The rate of increase of the double integration value is reflective of how fast the occupant is moving toward the vehicle steering wheel. If the crash severity is relatively high, the rate of vehicle deceleration (FIG. 6) is greater, and the double integration value (FIG. 7) increases in magnitude relatively quickly—the occupant moves toward the steering wheel more quickly. In contrast, if the crash severity is relatively low, the rate of vehicle deceleration (FIG. 6) is lower, and the double integration value (FIG. 7) increases in magnitude relatively slowly—the occupant moves toward the steering wheel more slowly.

At Step 96, a determination or calculation is made as to the value of the term (SP minus IBD). “SP” refers to occupant seating position, as sensed by the seat position sensor, and is measured as the distance between the occupant and the vehicle steering wheel. In the embodiment shown, SP is 275 millimeters for a fully forward seat, 400 millimeters for a mid-position seat, and 525 millimeters for a fully rearward seat. “IBD” refers to “inflated bag depth”, and is a given number for each air bag module—in this particular instance, 275 millimeters.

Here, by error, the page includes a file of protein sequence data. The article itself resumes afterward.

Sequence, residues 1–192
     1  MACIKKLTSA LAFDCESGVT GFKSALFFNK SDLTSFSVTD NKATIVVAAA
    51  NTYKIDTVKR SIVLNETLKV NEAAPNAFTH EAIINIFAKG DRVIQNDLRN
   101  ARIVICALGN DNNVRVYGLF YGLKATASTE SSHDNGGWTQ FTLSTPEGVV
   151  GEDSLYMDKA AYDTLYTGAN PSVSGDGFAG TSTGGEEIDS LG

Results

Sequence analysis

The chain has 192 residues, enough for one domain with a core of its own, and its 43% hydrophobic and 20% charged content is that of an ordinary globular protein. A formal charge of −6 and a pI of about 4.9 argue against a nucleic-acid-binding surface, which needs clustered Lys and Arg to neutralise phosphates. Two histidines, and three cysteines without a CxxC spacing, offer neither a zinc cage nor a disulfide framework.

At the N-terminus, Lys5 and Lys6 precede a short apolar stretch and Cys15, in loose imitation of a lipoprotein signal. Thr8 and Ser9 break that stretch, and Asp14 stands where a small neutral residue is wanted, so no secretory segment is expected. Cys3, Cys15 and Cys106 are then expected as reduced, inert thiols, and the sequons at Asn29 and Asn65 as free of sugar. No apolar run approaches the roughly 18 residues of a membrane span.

The calculated (or predicted) value of (SP minus IBD), in millimeters, reflects how far away the occupant would be from the fully inflated air bag at the onset of the crash event. A positive value for (SP minus IBD) indicates that the occupant, at the onset of the crash event, is in a position relative to the steering wheel at which the occupant is not in contact with the air bag—that is, rearward of a fully inflated air bag. For example, if the seat is fully rearward, SP is 525, and the value of (SP minus IBD) is 250, indicating that the occupant is 250 millimeters away from a fully inflated air bag at the onset of the crash event.